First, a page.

PAGE 2 PROSE POEMS BY:  Zulma Ortiz-Fuentes,  Ken Sparling, Stephen Nelson,  Mercedes Lawry, M. J. Iuppa, Cherie Hunter Day, Kim Loomis-Bennett, CJ Giroux, Joseph E. Lerner, Melissa Seitz, Daniel M. Shapiro

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Zulma Ortiz-Fuentes

Small Stories

Walking home the dark mountains of Puerto Rico are filled with cucos. My aunt sings a bolero, “Perfume de Gardenias,” to keep them away. Filling a burlap bag with just-picked sun-warmed oranges, sticky sweet juice dribbles down my arms. In the inclusion classroom I want to be a Margaret, but Texans won’t cooperate. My sweet dog Inky, stays behind; Germany isn’t for him. Vietnam happens, I get stung by bees for picking a guava, my skin and hair like the tropics, my father returns with a broken mind. Colorado is cold and white, yet my best friend is black. A miscarriage in the midst of Illinois; a river of blood stains the pristine snowy cemetery. A car ride with boys earns me a slap in the face from my abuela; atrevida she hisses.

Ken Sparling

Walking Around the Moon

When he gets outside, he hears beyond the stained glass. Beyond the place where stained glass can strain your capacity to hear. He can hear it. There is a place beyond where he can no longer hear.

It might have been quite a day that day. It might have been a total rescue mission.

A boy is crying about the juice box he left in his grandpa’s car.

A door is shutting. Doors shutting in the night wake me up. At seven thirty in the morning, the garbage men come. They come to take things back. The older boy walks around the room crying. I am walking around the moon, Mommy, he says. I am walking around the moon.

Melissa Seitz

Spring Thaw


A syncopated rhythm begins: thwack-thwack-thwack-thwack from my running shoes on the downbeat and the subtle rumbles from a reckless morning sky on the upbeat. Along the country road, the spring thaw reveals an empty whiskey bottle face down; a ditched rubber tire waiting for the others; a red bandanna twitching as if being strangled by the wind; and a possum’s body at the side of the road — its tail a question mark. Lightning slices the sky in half as the whir-whir-whir-whir of my body retraces the last two miles. I imagine myself on the wings of a hummingbird as I race for home. You, surprised by my quick return, had not yet heard the thunder.


Rain washes away the remaining snow as eaves troughs drip-drip-drip-drip-drip-drip an endless waltz around the house. The spring thaw reveals a piece of the dead rabbit we discovered months ago, headless, splayed upon the white lawn of snow, and the tell-tale feathers of a killer owl our only clue. We had watched the rabbit fatten itself all winter long, slipping under the bird feeders, supping on seeds chickadees and cardinals discarded. We, surprised by the rabbit’s demise, had not heard it fight for its life.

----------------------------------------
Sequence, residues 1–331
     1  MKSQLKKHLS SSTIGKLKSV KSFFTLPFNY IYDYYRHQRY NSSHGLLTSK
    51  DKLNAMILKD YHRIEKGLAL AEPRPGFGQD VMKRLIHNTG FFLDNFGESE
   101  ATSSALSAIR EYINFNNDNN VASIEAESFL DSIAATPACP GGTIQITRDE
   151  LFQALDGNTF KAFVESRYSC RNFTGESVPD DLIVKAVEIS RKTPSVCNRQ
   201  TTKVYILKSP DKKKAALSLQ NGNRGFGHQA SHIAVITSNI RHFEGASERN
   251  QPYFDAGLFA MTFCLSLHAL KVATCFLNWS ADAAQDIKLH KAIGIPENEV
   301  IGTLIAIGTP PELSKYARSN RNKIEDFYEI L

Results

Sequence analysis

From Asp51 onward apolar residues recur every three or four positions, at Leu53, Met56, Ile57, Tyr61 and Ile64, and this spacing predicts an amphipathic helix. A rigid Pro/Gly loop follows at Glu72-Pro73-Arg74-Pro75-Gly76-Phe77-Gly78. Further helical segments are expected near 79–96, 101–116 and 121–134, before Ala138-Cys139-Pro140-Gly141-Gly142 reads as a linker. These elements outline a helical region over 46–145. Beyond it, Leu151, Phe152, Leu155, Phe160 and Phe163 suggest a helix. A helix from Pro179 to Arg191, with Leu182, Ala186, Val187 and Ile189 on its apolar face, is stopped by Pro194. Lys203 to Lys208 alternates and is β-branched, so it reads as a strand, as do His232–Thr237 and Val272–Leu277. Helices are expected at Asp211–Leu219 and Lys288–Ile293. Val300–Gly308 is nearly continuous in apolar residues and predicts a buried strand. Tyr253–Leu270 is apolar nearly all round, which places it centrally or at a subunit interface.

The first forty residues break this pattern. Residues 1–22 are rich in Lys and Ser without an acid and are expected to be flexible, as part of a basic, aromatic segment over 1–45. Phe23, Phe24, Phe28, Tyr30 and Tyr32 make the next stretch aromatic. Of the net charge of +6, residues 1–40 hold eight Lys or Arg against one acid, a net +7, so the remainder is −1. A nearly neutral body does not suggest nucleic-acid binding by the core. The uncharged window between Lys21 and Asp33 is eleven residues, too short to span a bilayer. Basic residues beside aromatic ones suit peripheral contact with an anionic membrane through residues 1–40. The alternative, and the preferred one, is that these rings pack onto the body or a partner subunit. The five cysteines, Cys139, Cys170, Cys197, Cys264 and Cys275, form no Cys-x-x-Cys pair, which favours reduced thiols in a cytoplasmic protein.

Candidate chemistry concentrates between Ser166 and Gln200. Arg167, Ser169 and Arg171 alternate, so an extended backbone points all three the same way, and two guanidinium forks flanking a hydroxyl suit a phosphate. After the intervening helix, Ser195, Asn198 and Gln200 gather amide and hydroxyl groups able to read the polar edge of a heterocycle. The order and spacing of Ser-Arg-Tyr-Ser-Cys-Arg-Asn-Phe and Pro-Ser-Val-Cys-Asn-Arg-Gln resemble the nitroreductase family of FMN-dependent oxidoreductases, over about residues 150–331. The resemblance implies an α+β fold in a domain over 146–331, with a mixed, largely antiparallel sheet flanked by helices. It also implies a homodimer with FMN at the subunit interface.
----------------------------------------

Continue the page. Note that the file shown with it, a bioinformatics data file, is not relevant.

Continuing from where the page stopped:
In the woods, bulbs of trumpet daffodils wait in silence.

TWO by Cherie Hunter Day


The tide has two chances a day to erase distances. The bare flats are a couple of words on a postcard in your handwriting. And the flood is a whole volume excerpted from shimmering waves. There are passages like the time we walked to Bar Island. A spring tide made it possible to walk all the way out on the sandbar to two grass-covered outcroppings in the middle of the bay. The silky black mud sucked at our boots. Fish bones washed ashore on the first island were cleaned of all scent except salt. The quiet tide was already returning when the moon over your left shoulder came up whole.



In this city birds mimic the sound of subway cars pulling into the station — metal on metal. Their songs echo through the tile canyons underground. It’s Tuesday afternoon and a man is tuning his cello on the platform while passengers wait for the westbound train. The crowd stands a little ways away from the musician asking for tips. House sparrows flit in and out of the duct work over the tracks. There’s a sub-audible thump as automatic doors open at street level beyond the steep stairwell and a unit of measure for the time it takes the scent of rain to reach you.


- Cherie Hunter Day

M. J. Iuppa


A bare chested man, with long dirty blonde hair parted down

the center, sits on the top step leading into the town hall.

Neatly tucked under his armpit is his black & white border

collie. The dog needs a license. The man lost his in an incident

outside the tattoo parlor. The cop was waiting for him. He couldn’t

deny the dog was his — her portrait freshly inked over his heart.



First published in Golden Sparrow Review


TWO by Kim Loomis-Bennett


A room full of tired roses attracted a spider. A woman died in the next room, spider venom spreading through her veins. The spider ate its mate and populated the room full of tired roses with her own kind. A woman died in the next room, spider venom spinning through her veins. In the room full of vases upon vases of tired roses, a spider spun a web in an open coffin. A woman woke up in the next room, venomous thoughts spinning through her mind. A spider scrawled across the floor into the room with a sleeping woman. The spider spun a web over her eyes so that when the woman awoke from a dream of lying in a coffin, her tears caught in the web like precious jewels. The spider sipped her tears, a delicate gesture of esteem.